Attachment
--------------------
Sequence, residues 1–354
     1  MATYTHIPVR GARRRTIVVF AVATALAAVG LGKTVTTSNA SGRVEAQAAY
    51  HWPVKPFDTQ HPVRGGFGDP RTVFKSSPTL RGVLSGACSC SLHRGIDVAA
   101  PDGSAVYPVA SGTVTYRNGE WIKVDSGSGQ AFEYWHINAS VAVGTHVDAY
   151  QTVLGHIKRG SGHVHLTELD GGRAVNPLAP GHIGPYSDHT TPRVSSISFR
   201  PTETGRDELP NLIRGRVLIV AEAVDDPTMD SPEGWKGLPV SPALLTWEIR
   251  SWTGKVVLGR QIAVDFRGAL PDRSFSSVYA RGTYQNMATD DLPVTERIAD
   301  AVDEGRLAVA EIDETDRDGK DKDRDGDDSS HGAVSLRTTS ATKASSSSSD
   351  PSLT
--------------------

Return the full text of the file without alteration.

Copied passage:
Sequence, residues 1–354
     1  MATYTHIPVR GARRRTIVVF AVATALAAVG LGKTVTTSNA SGRVEAQAAY
    51  HWPVKPFDTQ HPVRGGFGDP RTVFKSSPTL RGVLSGACSC SLHRGIDVAA
   101  PDGSAVYPVA SGTVTYRNGE WIKVDSGSGQ AFEYWHINAS VAVGTHVDAY
   151  QTVLGHIKRG SGHVHLTELD GGRAVNPLAP GHIGPYSDHT TPRVSSISFR
   201  PTETGRDELP NLIRGRVLIV AEAVDDPTMD SPEGWKGLPV SPALLTWEIR
   251  SWTGKVVLGR QIAVDFRGAL PDRSFSSVYA RGTYQNMATD DLPVTERIAD
   301  AVDEGRLAVA EIDETDRDGK DKDRDGDDSS HGAVSLRTTS ATKASSSSSD
   351  PSLT